In Casino Out
Released September 2010
I guess a little preamble wouldn't be such an evil in this instance. Way back in May 2009 (feels like a long time ago, right?) I caught a band opening for My Vitriol on their fan club tour called Connectingflight. Now, Connectingflight were kind of the style of music I thought Manchester would be full of- influenced by Biffy, Oceansize and a general desire to be as forward-thinking with a guitar as it is possible to be. Unfortunately, shortly after releasing the Fix EP (I've still got a copy around here somewhere), they broke up. Sometime later, they came back with a new band, with only singer/guitarist John Murray and (superb) drummer James Lorenzo retained from their old outfit. A few months later, they saw fit to grace us with this EP, and it's much to my discredit that I haven't reviewed it before now.
Well, as I touched on before, it's influenced by that whole At the Drive-In post-hardcore sound, and at times it's pretty heavy going, certainly more so than Connectingflight, which was rather more lush in a kind of Effloresce sort of way. Opener 'This Year's Noise' is the obvious 'single' (read introductory) track, and serves as a kind of concise almalgamation of the various parts of their sound; the triple-guitar attack of Radiohead, the band interaction of Oceansize's 'Catalyst', the atmospherics of second-album Coopers, and the vibe of all those turn-of-the-2000s southern rock bands (Reuben, Redefine and Vex spring to mind). In fact, though it's only been released since then, their heavier moments (particularly on highlight 'Megan Fox') sound nothing so much as The Octopus; MF in particular has the same deep rumble as 'Fall of the Empire'. 'Plans' in all honesty sounds kind of like those scratchy, early Rage-inflected b-sides from the first Muse record, as well as obviously early Biffy Clyro. Belying their bandname, if they take from their post-hardcore uncles, I'd say the influence is more the raw energy of Acrobatic Tenement, even if I will concede to this being hidden under quite exceptional production values. Seriously, I often bitch on here about the unfashionability of heavy rock, but as long as musicians continue to make such exceptionally challenging loud music, who gives a fuck?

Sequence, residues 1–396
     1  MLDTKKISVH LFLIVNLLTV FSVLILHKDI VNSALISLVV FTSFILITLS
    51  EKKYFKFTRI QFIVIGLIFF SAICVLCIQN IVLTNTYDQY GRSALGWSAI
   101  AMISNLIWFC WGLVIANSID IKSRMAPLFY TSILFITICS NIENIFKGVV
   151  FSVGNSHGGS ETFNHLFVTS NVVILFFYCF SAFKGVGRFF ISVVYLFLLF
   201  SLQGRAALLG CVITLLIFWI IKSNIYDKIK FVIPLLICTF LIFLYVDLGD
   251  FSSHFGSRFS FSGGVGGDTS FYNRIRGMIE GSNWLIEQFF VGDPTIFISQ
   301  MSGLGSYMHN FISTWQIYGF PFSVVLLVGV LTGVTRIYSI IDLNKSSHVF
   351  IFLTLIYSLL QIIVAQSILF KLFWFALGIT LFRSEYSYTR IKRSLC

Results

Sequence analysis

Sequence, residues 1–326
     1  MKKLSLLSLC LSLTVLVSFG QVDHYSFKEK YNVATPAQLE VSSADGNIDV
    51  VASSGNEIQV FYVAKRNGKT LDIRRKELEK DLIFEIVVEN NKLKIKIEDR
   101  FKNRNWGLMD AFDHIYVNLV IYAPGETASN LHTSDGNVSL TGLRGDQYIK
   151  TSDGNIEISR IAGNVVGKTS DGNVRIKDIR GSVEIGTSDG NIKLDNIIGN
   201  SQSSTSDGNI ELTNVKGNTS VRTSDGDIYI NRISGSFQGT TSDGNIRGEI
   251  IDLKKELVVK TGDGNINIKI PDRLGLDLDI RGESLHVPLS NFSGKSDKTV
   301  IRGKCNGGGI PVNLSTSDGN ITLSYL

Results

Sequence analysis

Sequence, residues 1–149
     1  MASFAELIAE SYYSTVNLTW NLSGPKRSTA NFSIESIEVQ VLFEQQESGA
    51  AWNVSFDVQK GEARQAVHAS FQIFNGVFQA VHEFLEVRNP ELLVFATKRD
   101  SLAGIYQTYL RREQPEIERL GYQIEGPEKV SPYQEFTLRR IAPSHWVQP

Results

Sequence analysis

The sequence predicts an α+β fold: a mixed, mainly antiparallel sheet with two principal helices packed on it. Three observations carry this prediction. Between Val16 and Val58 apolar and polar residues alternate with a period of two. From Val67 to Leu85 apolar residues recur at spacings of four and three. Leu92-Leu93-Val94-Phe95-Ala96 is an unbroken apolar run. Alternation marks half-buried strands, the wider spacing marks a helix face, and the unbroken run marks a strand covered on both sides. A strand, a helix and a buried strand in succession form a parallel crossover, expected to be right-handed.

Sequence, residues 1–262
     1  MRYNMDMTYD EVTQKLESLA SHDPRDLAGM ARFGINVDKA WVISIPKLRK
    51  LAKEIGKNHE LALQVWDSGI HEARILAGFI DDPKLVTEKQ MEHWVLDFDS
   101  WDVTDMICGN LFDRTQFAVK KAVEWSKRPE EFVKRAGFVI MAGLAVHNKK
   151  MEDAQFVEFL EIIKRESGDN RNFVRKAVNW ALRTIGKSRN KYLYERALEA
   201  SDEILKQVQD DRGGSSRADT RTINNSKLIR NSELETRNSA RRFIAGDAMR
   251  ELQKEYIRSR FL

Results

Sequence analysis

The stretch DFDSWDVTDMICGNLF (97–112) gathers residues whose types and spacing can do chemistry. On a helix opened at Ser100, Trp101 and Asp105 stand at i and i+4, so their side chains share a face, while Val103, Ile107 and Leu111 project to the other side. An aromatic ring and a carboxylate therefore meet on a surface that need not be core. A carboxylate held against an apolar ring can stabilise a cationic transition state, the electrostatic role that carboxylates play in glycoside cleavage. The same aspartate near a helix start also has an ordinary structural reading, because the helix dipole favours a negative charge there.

Keep an eye on this band- Oceansize are 12 years in, these guys are only the one. Who knows where they'll end up?